It’s by no means a novel idea and it works for plenty of people, me included.
Another thing I’ve done is to stop holding things inside so often. I keep things to myself and subsequently implode and keep myself up at night over them.
Even in my own mind, I don’t often resolve issues, I just keep turning them over again and again, looking at them from the same three angles and deeming them unsolvable.
I started talking to family or friends when it felt reasonable and it turned out I slept better because of it. Getting things off your chest is a genuine relief.
If there was an issue I refused to ‘dump on another’s doorstep’, as I referred to it, I started actually working through it in my head. Sometimes I’d get out a piece of paper- on the left side I’d list my worries. On the right I’d list why it doesn’t really matter as much as I think it does.
Worry: I’m not prepared enough for my presentation tomorrow in front of my more knowledgeable teammates.
Why it doesn’t matter: I’ve done all I can do to prepare and it’s out of my hands now. Plus, I won’t get fired from delivering a subpar presentation.
This one works for me very well and has bled into my life with other positive outcomes. Confront yourself and make yourself see reason. It’s got a learning curve, like any new habit or practice, especially one so wrapped in feelings and long-set beliefs, but it works.
People have different feelings about this and I was on the fence before I looked into the science behind it. Melatonin, as you probably know, is a naturally occurring hormone produced in our brains by the pineal gland (the gland that helps to regulate our sleep-wake and reproductive cycles).
I was nervous about a few things: would I become dependent on using a pill to fall asleep? Would I start sleep walking? Would I not be able to wake up if I needed to? Turns out none of that has happened for me while taking melatonin.
Supplementing with melatonin can hep you fall asleep, though it’s not as great at keeping you asleep. I haven’t had any trouble getting up on time.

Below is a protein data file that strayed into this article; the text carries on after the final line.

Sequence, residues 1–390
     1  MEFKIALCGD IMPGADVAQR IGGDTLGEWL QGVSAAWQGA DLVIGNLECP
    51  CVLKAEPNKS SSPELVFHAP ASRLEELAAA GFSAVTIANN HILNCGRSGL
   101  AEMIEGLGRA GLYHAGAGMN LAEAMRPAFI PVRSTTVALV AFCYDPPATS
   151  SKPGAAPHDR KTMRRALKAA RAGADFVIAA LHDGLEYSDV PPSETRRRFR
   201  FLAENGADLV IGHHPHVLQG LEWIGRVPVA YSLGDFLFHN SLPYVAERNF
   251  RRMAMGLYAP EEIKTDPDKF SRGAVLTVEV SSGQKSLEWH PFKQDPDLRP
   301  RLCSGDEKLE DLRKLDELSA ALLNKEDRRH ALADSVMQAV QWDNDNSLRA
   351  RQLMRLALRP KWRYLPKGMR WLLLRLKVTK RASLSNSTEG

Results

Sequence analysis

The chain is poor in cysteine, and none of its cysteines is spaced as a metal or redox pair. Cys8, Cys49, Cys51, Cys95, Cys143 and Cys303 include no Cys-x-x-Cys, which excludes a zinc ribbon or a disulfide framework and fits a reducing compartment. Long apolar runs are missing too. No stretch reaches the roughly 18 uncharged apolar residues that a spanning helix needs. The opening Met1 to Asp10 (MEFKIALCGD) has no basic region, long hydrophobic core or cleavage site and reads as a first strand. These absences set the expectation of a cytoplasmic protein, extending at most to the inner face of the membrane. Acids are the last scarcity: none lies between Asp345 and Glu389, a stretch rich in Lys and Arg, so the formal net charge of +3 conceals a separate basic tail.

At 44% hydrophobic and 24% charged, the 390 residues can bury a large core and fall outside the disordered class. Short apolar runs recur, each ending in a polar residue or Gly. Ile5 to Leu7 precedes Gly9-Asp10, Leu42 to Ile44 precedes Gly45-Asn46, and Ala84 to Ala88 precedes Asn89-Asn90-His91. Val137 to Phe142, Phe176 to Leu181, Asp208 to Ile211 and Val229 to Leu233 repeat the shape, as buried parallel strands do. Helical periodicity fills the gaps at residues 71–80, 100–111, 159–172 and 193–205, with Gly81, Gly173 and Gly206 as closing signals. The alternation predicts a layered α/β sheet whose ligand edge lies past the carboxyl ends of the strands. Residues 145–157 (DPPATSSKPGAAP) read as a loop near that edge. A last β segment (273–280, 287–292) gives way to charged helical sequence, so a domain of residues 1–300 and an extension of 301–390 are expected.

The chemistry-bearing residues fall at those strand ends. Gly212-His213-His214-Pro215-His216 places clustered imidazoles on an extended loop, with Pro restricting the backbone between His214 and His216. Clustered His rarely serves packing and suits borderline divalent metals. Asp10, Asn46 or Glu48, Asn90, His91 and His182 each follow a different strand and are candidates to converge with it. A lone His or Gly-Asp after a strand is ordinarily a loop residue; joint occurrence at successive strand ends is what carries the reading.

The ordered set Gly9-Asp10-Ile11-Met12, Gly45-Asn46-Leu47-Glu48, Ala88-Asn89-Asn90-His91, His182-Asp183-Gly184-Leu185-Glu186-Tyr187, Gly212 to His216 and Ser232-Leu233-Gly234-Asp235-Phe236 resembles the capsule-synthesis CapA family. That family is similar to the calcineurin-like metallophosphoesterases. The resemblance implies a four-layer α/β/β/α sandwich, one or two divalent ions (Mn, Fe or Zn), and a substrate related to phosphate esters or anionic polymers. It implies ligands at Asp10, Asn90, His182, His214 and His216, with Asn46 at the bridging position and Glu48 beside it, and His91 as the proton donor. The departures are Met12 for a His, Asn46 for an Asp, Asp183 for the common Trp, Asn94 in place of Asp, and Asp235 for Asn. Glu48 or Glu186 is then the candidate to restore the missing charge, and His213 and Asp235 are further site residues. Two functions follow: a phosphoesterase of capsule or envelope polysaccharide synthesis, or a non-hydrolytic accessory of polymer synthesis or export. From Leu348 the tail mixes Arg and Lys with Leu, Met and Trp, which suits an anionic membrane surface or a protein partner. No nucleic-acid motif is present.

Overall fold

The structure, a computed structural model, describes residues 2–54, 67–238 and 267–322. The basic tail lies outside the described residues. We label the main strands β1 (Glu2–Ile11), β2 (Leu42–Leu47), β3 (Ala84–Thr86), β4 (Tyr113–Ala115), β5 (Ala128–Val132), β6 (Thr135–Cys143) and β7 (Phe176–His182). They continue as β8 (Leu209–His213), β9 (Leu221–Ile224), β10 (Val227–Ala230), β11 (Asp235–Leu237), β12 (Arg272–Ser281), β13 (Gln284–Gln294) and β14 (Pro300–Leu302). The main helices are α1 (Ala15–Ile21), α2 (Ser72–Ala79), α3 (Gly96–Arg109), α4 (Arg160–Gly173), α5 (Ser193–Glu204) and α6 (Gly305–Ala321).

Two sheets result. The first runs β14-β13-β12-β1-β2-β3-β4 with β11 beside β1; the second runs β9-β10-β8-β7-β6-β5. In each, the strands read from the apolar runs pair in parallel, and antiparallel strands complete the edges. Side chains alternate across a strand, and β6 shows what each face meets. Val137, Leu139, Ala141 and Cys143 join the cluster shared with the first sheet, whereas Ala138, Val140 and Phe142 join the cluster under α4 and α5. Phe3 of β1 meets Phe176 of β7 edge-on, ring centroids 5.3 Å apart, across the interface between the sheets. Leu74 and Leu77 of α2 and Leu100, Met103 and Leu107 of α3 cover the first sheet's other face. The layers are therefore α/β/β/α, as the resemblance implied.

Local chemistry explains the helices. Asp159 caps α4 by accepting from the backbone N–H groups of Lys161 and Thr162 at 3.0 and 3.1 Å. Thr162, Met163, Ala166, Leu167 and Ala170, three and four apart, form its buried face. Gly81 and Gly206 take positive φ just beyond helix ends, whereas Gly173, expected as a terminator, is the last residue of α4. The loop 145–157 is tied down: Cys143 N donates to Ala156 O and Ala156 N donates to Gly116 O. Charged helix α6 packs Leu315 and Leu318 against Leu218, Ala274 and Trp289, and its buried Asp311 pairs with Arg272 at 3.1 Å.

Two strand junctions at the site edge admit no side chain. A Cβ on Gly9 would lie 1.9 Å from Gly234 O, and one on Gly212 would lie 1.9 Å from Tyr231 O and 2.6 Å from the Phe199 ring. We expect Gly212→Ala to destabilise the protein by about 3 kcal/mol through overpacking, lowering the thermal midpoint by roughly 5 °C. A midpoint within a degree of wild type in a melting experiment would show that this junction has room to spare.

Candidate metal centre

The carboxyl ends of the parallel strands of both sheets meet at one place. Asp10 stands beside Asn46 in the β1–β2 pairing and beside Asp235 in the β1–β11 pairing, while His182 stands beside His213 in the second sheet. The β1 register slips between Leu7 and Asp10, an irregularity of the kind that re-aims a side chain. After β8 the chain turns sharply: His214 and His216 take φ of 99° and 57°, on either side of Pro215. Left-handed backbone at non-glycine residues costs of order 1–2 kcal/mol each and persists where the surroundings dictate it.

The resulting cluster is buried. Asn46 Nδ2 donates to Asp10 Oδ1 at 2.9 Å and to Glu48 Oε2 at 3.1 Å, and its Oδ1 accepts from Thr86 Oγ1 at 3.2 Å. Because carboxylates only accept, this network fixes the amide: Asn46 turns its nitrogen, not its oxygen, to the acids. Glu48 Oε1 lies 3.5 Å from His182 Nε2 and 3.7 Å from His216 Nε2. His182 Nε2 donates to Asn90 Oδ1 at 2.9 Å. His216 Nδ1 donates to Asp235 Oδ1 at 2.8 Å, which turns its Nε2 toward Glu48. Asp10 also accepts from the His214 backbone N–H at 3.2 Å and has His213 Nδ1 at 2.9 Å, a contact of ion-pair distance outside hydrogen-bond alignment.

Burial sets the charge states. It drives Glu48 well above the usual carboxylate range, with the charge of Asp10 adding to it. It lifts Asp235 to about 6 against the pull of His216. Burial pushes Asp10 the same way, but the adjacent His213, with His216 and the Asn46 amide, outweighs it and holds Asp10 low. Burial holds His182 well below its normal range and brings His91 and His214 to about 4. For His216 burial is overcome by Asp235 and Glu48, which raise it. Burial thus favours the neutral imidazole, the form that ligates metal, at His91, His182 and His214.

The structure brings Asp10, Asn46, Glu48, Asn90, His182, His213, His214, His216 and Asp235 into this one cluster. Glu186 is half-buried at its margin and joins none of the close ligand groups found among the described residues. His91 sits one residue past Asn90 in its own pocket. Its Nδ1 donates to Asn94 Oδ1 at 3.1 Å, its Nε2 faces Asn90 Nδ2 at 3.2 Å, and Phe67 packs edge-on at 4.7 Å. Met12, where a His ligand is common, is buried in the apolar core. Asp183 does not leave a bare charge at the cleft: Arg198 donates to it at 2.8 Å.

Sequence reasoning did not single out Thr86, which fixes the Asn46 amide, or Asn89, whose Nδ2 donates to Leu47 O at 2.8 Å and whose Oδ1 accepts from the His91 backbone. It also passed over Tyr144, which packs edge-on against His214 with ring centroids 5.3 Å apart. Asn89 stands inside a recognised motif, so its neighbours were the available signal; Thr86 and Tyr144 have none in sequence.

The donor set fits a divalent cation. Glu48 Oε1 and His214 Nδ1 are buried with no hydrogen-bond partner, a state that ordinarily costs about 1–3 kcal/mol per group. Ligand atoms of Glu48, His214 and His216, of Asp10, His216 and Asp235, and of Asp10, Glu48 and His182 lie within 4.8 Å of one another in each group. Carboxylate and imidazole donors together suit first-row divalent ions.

This also addressed my fear of some of the sleep walking I’d heard can happen with traditional sleeping pills. The last thing I want when trying to fall asleep is to wake up in the car at 2am having driven myself to the dentist in my sleep.
(There are some crazy stories- and lawsuits- involving what people do on sleep aides, no doubt some sensationalized somewhat, but I don’t like to take chances with my history of occasional sleep walking. Long story short, talk to your doctor if you’re concerned, don’t just take my word for it.)
One of the additional selling points for me was that it doesn’t forcibly pull you into sleep- you can shake off the drowsiness pretty easily if you need to for whatever reason.
I started out with 3mg tablets and I haven’t needed to go up since. You can purchase them at the supplement section in the drug store or Costco, or pretty much everywhere they sell over the counter drugs.
One 3mg tablet under my tongue about 20 minutes before I’m ready for bed and I feel drowsy enough to lay down and trick my brain into chilling out and getting some rest.
I’m willing to believe that part of my positive experience is due to a placebo effect. I’m completely fine with that as it still serves my purposes and isn’t acutely harmful as far as I can tell.
Sleep is a complicated conversation for the workaholic overachievers among us. You’ve likely experienced a bout of anxiety or a stressful time that shook you awake for weeks at a time. But there’s still work to be done and deadlines to make so we have to confront it.
Whether you push past it, attack underlying issues or supplement with something to help, addressing the problem can leave you much relieved, healthier and happier. You just have to make sure your method of attack is what’s best for you and your life. If all else fails (or maybe before everything fails) consider visiting a doctor.
Nowadays, I’m settling into a sort of routine I’ve never had before that gets me around 6 hours a night- likely spurred on by physiological changes, courtesy of getting older. However, I’m also in a job with extremely irregular shift hours (12 hours, 24 hours) so there will always be more obstacles to reaching the ever-elusive ‘good night’s rest’. I’ll be ready to try something new when that happens.